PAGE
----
Galileo deduced that objects move with constant speed when no force acts on them. This was the basis for Newton’s first law of motion.
By watching the motion of objects on an inclined plane Galileo understood that objects move with a constant speed when no force acts on them. He assumed a simple example that when a marble rolls down an inclined plane, its velocity increases.
Interia explanation by Galileo
Galileo hypothesized that a falling object gains an equal amount of velocity in equal intervals of time. This also says that the speed increases at a constant rate as it falls.
But, he faced a problem in testing this hypothesis. It was impossible for Galileo to observe the object’s free-falling motion and at the time, technology was unable to record such high speeds. As a result, Galileo tried to decelerate its motion by replacing the falling object with a ball or a marble rolling down an inclined plane. Since free-falling is fundamentally equivalent to a completely vertical ramp, he assumed that a ball rolling down a ramp would speed up in the same way as a falling ball would.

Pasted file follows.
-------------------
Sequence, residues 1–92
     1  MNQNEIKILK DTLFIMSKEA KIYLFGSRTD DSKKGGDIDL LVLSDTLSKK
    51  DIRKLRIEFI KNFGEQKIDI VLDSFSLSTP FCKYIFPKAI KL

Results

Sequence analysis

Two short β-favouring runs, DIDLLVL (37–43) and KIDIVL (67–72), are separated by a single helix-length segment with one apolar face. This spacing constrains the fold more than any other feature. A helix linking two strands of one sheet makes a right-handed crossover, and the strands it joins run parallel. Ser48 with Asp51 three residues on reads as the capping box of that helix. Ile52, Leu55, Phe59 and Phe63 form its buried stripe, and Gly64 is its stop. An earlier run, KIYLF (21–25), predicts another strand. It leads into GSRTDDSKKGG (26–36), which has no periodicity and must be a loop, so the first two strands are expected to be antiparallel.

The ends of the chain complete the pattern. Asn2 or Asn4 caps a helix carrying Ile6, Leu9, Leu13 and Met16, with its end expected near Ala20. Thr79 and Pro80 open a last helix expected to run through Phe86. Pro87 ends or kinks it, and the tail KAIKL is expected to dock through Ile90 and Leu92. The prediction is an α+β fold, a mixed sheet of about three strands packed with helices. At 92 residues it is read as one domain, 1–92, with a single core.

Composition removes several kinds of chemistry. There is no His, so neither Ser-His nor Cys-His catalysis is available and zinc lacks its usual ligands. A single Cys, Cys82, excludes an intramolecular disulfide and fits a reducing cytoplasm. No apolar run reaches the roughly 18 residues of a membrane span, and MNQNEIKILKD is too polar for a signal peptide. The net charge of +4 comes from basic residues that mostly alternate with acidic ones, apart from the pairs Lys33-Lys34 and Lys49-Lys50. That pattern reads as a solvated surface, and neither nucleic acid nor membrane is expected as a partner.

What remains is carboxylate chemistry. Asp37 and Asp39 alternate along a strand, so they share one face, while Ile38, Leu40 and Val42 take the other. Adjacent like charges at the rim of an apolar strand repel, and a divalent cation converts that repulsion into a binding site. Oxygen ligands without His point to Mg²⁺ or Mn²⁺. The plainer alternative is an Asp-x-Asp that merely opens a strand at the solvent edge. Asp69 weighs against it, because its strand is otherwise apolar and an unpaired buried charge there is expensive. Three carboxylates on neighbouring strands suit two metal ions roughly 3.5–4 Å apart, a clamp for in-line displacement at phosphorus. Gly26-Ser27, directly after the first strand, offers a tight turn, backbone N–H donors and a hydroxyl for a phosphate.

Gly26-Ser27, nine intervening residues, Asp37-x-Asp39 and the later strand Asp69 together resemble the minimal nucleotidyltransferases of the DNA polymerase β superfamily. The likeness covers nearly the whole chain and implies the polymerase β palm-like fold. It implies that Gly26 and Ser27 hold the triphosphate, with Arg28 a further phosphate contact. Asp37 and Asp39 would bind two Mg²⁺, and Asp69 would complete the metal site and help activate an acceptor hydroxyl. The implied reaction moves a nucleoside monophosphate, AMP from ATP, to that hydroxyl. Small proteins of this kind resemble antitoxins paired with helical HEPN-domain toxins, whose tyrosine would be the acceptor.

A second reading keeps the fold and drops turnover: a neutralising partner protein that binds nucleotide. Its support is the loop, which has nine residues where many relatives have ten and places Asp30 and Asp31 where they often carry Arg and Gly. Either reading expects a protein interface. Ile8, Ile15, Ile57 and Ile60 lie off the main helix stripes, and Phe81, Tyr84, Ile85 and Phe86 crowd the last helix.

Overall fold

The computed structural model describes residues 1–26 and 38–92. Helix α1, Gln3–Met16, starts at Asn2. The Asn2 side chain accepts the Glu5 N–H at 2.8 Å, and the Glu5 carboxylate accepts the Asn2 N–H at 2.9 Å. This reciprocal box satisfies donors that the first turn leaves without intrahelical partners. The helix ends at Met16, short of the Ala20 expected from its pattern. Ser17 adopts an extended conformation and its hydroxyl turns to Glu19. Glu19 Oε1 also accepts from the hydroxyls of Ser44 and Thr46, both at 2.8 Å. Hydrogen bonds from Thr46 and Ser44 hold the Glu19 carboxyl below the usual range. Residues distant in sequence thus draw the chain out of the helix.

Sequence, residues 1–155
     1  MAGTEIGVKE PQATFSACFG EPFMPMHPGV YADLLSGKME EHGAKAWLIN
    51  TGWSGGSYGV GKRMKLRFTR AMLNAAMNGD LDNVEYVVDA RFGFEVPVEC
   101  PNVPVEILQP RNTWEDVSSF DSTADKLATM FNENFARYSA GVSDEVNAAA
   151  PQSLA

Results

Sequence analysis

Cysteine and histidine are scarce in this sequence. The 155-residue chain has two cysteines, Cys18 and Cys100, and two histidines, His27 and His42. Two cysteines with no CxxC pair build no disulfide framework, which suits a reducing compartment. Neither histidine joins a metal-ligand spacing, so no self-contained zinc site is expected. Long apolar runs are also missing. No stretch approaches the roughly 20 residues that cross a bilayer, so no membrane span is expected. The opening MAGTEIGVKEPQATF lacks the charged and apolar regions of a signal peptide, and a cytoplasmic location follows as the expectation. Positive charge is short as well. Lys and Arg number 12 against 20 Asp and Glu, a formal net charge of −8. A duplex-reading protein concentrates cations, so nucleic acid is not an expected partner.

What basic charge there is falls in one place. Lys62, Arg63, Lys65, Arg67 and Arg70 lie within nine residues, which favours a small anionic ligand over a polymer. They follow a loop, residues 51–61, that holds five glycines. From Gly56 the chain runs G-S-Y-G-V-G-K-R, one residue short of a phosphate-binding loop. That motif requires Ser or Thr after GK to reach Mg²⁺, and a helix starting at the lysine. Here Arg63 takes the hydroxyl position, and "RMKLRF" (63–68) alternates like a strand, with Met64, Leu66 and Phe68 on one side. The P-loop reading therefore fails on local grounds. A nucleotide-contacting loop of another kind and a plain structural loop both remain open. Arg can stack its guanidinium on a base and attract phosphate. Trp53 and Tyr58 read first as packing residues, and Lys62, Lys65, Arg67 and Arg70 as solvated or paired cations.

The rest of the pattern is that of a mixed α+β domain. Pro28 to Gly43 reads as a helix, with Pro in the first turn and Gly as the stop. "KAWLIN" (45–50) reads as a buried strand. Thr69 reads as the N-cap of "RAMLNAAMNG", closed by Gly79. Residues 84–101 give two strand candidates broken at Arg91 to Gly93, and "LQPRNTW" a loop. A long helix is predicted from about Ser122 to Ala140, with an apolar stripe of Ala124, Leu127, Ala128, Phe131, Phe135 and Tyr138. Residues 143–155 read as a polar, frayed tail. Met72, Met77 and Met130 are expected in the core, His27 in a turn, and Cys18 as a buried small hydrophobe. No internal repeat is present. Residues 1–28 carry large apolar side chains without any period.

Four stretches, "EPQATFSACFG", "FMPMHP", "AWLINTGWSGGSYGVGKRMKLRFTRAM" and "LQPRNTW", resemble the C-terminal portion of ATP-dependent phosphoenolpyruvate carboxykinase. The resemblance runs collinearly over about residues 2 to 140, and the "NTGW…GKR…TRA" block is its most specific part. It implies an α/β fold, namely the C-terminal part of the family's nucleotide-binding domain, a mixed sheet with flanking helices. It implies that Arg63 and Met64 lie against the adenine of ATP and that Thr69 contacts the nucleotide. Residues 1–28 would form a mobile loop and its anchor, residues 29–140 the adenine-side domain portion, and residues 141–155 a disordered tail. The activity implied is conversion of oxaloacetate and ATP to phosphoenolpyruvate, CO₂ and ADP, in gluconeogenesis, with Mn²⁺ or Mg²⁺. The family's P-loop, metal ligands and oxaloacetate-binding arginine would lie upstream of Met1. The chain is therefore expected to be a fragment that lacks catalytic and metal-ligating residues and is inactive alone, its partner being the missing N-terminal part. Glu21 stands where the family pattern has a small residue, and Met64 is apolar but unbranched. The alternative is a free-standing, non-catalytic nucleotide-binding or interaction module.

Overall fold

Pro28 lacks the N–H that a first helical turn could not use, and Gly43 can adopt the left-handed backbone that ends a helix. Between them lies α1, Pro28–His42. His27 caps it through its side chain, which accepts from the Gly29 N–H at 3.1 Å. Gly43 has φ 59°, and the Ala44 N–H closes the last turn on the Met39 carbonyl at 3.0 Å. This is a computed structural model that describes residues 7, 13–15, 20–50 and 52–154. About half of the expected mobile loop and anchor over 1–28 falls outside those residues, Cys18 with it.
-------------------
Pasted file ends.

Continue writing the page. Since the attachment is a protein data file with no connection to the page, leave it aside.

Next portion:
- Galileo took the marble, a ramp and started the experiment by rolling it down the ramp.
- Using a water clock, Galileo measured the time it took for the rolling ball to reach a known distance down the inclined plane.
- After numerous trials, it was noted that the time taken for the ball to roll the entire length of the ramp was equal to double the amount of time it took for the same ball to only roll a quarter of the distance.
- In short, if one doubled the amount of distance the ball travelled, it would travel four times as far. Through this experiment, Galileo concluded that, if an object is released from rest and gains speed at a steady rate (as it would in free-fall or when rolling down an inclined plane), then the total distance, s, travelled by the object is proportional to the time squared needed for that travel.
- Mathematically s ∝ t2
This was the basis for Newton’s first law of motion.